The calls for censorship continue to ramp up, this time with the Iraqi government looking to get PUBG Corporation’s PlayerUnknown’s Battlegrounds banned in the region. This comes shortly after Nepal permanently banned the game in the region, which followed in the footsteps of Indian municipalities that also banned the game in several regions.
According to The National, the cultural parliamentary committee submitted a draft on April 13th, 2019 suggesting to ban PlayerUnknown’s Battlegrounds. The draft proposal would have to go through a draft review by parliamentary speaker Mohammed Al Halbousi.
The article cites moral panic from media outlets blaming video games for a number of issues, including suicides and divorce rates, writing…
“Iraqi media reported incidents of suicide and divorce related to the games during the last year. In depth reporting by local media on the craze has announced it has led to nearly 40,000 divorces worldwide and more than 20 cases in Iraq.”
The proposal would not only ban PlayerUnknown’s Battlegrounds in the region, but also the suicide game “Blue Whale”, which has been a problem for some regions for quite some time, and was the subject of investigation and calls for bans from some Saudis.
According to the Telegraph, certain Iraqi officials are saying the game is brainwashing the youth, advocating for the ban via social media such as Twitter, with populist cleric Muqtada Al Sadr, saying…
“It saddens me to see our youth are brainwashed by PUBG. Iraq’s society is deteriorating as its youth are occupied by the fighting in PUBG’s battlefields,”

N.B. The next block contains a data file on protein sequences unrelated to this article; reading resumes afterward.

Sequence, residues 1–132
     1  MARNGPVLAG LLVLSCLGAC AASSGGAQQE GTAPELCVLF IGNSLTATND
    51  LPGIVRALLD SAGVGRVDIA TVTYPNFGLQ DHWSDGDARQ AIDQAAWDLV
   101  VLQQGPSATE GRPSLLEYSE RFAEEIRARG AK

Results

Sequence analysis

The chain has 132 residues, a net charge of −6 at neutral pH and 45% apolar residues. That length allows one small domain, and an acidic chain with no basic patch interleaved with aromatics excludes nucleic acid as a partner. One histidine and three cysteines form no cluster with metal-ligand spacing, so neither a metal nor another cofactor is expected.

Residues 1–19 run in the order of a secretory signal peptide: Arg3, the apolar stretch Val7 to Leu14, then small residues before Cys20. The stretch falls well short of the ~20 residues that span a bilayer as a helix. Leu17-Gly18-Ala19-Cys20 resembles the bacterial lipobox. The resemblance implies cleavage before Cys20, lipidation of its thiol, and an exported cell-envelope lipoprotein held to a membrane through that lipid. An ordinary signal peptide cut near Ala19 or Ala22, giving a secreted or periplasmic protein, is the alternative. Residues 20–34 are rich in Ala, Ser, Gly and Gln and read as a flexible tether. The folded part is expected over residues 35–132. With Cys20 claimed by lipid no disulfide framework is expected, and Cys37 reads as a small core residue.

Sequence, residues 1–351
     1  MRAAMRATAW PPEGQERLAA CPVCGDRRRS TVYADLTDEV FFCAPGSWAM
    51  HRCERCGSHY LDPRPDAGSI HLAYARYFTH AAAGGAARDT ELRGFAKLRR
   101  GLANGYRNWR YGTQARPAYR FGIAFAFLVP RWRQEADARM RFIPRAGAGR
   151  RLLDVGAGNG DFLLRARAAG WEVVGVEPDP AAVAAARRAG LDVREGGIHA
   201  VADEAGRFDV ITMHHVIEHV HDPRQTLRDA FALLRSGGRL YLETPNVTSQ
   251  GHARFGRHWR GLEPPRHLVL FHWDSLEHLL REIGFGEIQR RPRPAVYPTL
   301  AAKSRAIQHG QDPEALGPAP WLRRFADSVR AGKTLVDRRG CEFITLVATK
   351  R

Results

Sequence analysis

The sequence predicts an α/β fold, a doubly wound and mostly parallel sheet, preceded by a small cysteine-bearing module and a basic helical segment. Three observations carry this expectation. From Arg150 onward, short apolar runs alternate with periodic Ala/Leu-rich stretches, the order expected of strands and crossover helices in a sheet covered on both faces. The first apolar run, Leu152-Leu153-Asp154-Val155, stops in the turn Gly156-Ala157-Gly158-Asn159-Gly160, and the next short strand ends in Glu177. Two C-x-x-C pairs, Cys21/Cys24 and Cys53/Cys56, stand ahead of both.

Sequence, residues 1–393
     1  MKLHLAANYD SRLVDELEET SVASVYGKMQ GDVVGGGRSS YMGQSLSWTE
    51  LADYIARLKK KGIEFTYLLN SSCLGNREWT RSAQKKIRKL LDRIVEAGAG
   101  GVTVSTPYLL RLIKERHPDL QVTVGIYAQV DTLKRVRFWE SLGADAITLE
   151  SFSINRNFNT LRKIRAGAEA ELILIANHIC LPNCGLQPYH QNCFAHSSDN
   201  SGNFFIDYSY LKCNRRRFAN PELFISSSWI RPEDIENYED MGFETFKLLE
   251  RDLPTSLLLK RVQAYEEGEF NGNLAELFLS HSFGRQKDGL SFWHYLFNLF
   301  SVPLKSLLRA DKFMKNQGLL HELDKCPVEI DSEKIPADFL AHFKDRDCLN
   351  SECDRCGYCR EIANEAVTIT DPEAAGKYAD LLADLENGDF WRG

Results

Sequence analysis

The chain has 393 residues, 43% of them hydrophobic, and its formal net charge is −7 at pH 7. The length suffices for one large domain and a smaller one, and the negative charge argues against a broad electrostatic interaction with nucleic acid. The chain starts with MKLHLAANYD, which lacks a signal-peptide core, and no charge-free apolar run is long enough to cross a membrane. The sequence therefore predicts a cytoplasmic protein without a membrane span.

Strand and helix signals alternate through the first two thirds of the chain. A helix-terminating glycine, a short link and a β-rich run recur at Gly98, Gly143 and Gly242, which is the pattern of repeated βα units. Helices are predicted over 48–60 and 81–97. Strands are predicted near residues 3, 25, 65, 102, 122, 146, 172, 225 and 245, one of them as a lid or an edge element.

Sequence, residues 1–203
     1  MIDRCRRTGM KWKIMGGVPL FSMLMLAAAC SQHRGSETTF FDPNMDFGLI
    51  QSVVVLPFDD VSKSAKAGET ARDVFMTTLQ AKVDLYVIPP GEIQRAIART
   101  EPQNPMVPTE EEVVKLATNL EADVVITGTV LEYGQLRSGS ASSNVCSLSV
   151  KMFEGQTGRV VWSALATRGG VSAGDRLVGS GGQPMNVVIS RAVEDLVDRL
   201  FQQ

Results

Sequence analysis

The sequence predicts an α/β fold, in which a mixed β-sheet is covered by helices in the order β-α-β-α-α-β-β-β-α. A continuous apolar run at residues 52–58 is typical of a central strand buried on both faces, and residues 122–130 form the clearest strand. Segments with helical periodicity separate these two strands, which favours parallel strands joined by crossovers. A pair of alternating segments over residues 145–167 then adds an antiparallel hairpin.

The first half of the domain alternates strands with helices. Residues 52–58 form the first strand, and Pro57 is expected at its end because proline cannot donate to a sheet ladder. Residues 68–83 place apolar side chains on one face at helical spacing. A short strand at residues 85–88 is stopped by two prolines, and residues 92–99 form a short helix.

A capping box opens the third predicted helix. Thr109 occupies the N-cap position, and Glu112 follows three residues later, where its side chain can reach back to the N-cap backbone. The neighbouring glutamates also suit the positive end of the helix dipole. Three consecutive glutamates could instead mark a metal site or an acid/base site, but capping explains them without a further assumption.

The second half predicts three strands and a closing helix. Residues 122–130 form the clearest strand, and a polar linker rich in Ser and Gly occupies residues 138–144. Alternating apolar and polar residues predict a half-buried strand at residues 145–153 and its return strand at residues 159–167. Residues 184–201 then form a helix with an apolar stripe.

This was also combined with the head of the culture committee, Sameaa Gullab, who also mentioned during a press release that…
“The committee is concerned about the obsession over these electronic games that ignite violence among children and youth. Its influence has spread rapidly among Iraq’s society. We are proposing to parliament to block and ban all games that threaten social security, morality, education and all segments of Iraqi society,”
Ironically, all of this has come to a head after statements were made back in January of 2019 by Iraqi parliament who mentioned that the rumors about wanting to ban PlayerUnknown’s Battlegrounds was false, as reported by Bas News. Yet it looks like that’s no longer the case.
The National had quotes from Iraqi gamers, who mentioned that playing the game kept them out of trouble and allowed to do something other than engage in real-life petty crimes or violence.
Hassan Ahmed Ali, a 21-year-old gamer, told The National…
“I have been playing PUBG for sometime now, I like it because it keeps me at home and away from trouble outside”
This is true.
There have been multiple studies showing that the increase and spread of video games in various regions with high youth crimes have shown a steady decrease in real-life crimes with the advent of gaming. Correlation doesn’t assume causation, but when some youth are actively saying that they would rather play video games than fight in real-life, one has to wonder if the government is actually banning the game not to help society but to hinder it by keeping it in turmoil and violence.
(Thanks for the news tip Ebicentre)